I realize that comics are neither geared towards seven-year old girls nor are they geared towards girls. The fact is, both of these things need to change. I know that I went into my local comic store awhile back and wanted to get a couple Spiderman comics for my friends son for his birthday, he was very young, maybe three or four. He was fascinated with my comics but stuff like Watchmen and Batman weren’t necessarily good for him to look at so I wanted to try and find him some comics he would like. Lucky for me, the guy in the store was able to steer me towards a couple good ones that were appropriate (meaning, no nudity or terrible violence) but it wasn’t easy, he said most of the books were geared towards older folks, which I do understand but at the same time, it seems kind of sad.

What truly frustrates me about comics today is how they portray women. Not as smart and capable and dressed appropriately but as damsels in distress and wearing outfits that can only be described as ridiculous. A good example is this past summer, Marvel hired artist Milo Manara to do a variant Spiderwoman cover. The first problem here is that Manara is known for drawing erotic art so I think you can guess what the second issue is, see below…

Milo Manara's Spiderwoman variant cover.
Milo Manara’s Spiderwoman variant cover.

Look at the picture above and you tell me that this cover isn’t completely sexist? Have we recently seen Spiderman posing this way? Because if we have, please, set me right and send a picture over to me. I’ll be happy to see it.

In the meantime, I find this type of cover to be extremely insulting. The fact that Marvel knowingly hired Manara, who is known for his erotic art, to do their variant cover astounds me. Is this how they plan on getting in touch with their female readers? Because, I gotta say, I would never pick up a comic book with this as the cover. Simply looking at it fills me with anger. And while I realize that we live in a culture where “sex sells”, it seems like overkill to me.

When is the comic book world going to get on board with the fact that women do read comics and that it’s disgusting to put this type of ridiculousness on the cover? No wonder the Dad’s little girl was confused, sex doesn’t sell to young kids, only adults. These types of covers are part of the problem, they are clearly trying to draw in an audience of adolescent men to read their books. Fine. I understand that, but what the industry is failing to understand is that it’s not just adolescent men reading the comics anymore, women are reading them. According to recent market research, about 46.6% of comic readers are female.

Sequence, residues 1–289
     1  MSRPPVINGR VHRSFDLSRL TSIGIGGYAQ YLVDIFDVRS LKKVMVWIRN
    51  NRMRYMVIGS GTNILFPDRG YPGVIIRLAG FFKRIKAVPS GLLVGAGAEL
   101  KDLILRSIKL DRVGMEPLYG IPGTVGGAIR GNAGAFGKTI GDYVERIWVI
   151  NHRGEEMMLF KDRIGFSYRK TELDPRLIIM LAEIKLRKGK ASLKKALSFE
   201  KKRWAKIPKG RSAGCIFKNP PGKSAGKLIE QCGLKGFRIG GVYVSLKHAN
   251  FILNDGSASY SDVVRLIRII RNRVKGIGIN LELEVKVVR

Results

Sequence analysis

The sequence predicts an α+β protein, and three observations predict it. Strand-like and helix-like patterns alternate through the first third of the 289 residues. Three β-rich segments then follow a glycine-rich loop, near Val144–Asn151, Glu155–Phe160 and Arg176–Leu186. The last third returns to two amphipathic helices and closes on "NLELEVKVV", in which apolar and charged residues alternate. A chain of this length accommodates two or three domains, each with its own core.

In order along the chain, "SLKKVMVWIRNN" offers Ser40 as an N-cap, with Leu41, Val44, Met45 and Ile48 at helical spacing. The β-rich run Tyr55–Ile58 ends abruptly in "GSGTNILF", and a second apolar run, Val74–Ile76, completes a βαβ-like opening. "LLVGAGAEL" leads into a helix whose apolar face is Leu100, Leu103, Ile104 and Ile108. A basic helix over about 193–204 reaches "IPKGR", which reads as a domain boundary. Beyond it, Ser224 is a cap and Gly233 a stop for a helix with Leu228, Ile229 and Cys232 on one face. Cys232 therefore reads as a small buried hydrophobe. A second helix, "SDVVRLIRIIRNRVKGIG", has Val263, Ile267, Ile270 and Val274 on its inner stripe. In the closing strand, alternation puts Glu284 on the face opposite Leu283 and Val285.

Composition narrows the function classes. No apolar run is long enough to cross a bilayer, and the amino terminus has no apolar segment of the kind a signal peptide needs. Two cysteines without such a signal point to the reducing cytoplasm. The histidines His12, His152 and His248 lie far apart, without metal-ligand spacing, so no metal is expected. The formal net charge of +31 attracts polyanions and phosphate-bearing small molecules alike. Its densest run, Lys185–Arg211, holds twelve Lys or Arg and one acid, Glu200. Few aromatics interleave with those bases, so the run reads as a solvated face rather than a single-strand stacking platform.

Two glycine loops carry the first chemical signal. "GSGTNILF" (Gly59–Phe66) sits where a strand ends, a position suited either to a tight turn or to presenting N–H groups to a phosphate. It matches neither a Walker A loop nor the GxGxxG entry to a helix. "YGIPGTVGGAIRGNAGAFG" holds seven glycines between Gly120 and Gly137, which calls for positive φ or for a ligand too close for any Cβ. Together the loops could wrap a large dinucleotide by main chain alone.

“If you go to conventions and comic book stores, more and more female readers are emerging. They are starved for content and looking for content they can relate to.

– Axel Alonso, Marvel’s editor-in-chief”

So here’s the issue, why do comic artists feel the need to sexualize the women but not the men? I realize that everyone is wearing skin tight costumes that show off muscles and bulges and whatnot but even with that, the men still manage to look brave and tough while the women are left pushing their breasts or their butts out (sometimes both at the same time which just looks painful) and it’s ridiculous. What’s truly ridiculous is that there are still men out there who don’t think women read or enjoy comics. After a recent announcement of the relaunch of the Ms. Marvel comic (Ms. Marvel now being a Muslim Teen) this was stated by a reader online:

“Yeah, this won’t last very long. Women don’t buy comics. They love geek culture, and they love all the attention it gets them but they don’t read comics in any signifigant numbers. Once they start seeing that they aren’t making money by ignoring their core audence, they’ll go back to business as usual.” ~ From the I Like Comics Too Blog

As a strong-willed feminist I cannot see why there isn’t equality in comics. Women kick butt just as well as men do (Look at Wonder Woman, Black Widow, Supergirl and our ever-lovely Agent Carter) so why do comics have to make such an effort to make sure we know they are women? Or is it that the men drawing these women honestly have no idea what they’re doing? I have to doubt that as most of them are very smart men with extraordinary talents. They can draw a woman who is both sexy and powerful without making her look like she’s selling herself on the street corner.

The new Ms. Marvel. Look how many clothes she has on!
The new Ms. Marvel. Look how many clothes she has on!

I want comic covers like the Spiderwoman variant to be part of a bygone era. I want covers to be wonderful works of art that depict men and women on equal footing when they are fighting the battles. I want women to be strong, stronger than the men sometimes, so that they can be seen as more than sex objects to the young readers. The fact is, comic book companies are starting to see the change, they are starting to see that women want women characters in their comics. Which is great! My hope is that they’ll see this changing trend and also manage to draw the women respectfully and without Bionic Boobs of Death. Most of all, I want the guys drawing these ladies to understand that by drawing women as tarts, you are doing a disservice to the comics industry. Women read comics too and most women won’t pick up a comic with a half naked woman posing in an anatomically impossible fashion to show off her T&A. Comic books and their artists need to get with the times. Start showing women as both sexy and tough and you’ll enhance your readership. Of that, I have no doubt.

What do you think? Let me know in the comments!